My rating: 3.5 stars

Web Applications

Web applications for captioning are most commonly online image editors, offering much of the functionality of their desktop cousins free of charge, and with similar limitations. As free applications, they carry advertisements which vary in obtrusiveness. There are also a number of dedicated captioning applications. As web applications, they will take some time to upload images for processing, but some have single-button posting to social media. Major features of some of the leading offerings are summarized below:

Comparison of Captioning Web Apps

Application
Rating (Stars)
Caption Position
Non-Latin alphabetic Languages
Caption Editing after Application
Social Media Posting
Lunapic
4
Anywhere
No
No
Yes
Fotor
3
Anywhere
Yes
No
Yes
AddText
4
Anywhere
Yes
No
Yes
Roflbot
3
Anywhere
No
No
No
Caption Pro
4
Below Image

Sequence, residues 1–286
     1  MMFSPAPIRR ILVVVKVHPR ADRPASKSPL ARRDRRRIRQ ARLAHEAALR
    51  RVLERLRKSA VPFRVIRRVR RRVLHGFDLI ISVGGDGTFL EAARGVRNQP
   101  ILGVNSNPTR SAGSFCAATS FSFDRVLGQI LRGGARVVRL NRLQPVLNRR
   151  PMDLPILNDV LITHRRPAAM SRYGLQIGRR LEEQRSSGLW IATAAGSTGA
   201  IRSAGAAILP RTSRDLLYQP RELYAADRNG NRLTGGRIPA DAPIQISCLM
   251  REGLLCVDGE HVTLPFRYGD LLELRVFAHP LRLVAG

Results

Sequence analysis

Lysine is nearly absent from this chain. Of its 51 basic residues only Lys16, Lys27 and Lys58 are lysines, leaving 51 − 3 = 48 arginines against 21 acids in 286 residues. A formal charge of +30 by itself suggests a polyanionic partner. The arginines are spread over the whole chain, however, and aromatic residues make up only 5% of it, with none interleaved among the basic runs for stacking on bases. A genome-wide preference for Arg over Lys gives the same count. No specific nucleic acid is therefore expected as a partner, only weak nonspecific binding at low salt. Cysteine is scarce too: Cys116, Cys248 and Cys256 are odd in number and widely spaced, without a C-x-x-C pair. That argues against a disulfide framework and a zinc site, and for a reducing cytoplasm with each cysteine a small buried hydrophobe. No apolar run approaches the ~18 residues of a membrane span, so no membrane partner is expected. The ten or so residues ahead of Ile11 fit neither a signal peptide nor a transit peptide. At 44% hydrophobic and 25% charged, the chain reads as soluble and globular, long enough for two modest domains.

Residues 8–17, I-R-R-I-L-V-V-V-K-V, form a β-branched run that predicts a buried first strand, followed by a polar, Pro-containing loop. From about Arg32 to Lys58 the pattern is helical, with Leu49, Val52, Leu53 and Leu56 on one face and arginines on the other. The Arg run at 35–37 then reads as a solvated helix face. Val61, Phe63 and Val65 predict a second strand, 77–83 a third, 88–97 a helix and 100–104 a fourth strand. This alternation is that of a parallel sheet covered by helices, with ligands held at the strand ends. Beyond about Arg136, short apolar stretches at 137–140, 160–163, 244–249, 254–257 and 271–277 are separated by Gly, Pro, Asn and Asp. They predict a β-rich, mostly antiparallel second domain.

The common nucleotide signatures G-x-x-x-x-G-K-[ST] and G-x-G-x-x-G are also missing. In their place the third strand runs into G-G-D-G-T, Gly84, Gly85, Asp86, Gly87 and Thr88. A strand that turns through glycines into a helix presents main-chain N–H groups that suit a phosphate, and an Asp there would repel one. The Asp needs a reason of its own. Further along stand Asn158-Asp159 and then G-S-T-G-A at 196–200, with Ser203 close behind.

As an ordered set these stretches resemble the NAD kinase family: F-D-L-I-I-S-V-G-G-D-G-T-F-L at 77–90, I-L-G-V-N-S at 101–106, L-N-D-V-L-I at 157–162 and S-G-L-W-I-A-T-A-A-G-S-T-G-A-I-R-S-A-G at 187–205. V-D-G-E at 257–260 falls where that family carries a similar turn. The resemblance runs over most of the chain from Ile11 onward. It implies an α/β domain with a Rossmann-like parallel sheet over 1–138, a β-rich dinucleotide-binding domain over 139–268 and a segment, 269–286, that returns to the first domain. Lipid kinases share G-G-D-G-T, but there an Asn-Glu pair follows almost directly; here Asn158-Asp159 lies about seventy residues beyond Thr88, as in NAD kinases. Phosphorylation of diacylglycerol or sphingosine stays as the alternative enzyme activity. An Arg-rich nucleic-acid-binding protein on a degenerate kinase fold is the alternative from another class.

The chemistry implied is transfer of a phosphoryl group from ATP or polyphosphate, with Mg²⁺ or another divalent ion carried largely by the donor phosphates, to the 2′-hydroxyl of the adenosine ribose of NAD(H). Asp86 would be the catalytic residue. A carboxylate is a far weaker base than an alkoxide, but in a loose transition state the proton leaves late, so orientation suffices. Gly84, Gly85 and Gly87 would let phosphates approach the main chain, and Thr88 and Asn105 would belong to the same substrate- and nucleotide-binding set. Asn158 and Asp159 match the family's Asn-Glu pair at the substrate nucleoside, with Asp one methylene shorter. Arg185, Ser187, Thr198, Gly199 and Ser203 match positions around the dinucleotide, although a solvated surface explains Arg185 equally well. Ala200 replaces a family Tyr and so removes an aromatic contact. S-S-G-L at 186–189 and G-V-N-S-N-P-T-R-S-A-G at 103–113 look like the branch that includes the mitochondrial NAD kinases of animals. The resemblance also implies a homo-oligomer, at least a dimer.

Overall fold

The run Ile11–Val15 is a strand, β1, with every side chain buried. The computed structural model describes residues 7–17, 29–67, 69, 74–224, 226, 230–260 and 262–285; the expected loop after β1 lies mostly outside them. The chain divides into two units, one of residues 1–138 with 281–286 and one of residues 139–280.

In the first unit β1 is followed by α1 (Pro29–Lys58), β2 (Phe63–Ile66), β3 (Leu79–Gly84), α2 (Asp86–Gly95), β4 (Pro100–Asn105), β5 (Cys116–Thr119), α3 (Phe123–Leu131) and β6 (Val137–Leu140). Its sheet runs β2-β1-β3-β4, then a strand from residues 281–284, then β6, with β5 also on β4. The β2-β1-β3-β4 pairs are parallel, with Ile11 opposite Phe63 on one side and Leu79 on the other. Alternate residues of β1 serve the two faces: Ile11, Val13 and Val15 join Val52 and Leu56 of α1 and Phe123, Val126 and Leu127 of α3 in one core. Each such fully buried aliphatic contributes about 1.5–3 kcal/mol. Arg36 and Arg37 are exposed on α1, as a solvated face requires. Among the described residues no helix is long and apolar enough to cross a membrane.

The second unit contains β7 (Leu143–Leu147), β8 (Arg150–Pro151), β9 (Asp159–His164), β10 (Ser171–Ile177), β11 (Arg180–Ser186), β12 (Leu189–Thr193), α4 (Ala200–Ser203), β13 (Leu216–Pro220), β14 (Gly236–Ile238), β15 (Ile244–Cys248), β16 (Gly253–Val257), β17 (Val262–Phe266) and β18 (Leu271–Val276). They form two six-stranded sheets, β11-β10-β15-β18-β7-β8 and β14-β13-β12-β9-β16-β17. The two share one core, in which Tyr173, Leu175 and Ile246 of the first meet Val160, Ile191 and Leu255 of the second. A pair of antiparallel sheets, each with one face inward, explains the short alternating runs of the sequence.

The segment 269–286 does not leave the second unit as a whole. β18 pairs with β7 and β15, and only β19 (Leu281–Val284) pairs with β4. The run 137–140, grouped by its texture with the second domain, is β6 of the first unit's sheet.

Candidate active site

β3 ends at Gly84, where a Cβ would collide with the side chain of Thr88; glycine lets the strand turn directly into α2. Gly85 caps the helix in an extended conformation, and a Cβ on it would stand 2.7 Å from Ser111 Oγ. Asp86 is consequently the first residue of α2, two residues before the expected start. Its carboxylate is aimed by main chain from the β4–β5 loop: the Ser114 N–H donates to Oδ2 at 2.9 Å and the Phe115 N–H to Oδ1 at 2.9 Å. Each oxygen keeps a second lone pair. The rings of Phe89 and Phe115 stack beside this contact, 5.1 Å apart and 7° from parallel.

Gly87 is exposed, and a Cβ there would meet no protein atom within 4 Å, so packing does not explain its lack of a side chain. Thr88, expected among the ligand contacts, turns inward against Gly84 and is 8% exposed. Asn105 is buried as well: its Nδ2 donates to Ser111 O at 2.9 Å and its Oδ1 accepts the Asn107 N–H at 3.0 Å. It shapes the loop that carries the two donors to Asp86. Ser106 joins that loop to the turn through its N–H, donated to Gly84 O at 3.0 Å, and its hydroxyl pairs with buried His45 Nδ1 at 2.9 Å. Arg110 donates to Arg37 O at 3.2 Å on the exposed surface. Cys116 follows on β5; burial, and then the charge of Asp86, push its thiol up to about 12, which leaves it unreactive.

Yes
Yes
Yes
ImgFlip
4
Top and Bottom
Yes
No
Yes
Web Captioning Applications

Lunapic

Lunapic is a free online photo editor providing many image editing functions as well as captioning. It supports updating of images in the application session and positioning of captions in a number of preset positions. The image is displayed at full size rather than being fitted into the screen area, which can be awkward for large images on a desktop. Caption size, color and font are selectable and results can be posted to a range of social media as well as saving to the local machine in JPEG format. However, when posting to Facebook, the image is truncated at top and bottom in News Feed view. It has a dedicated mobile interface, with a streamlined captioning and saving interface functionality.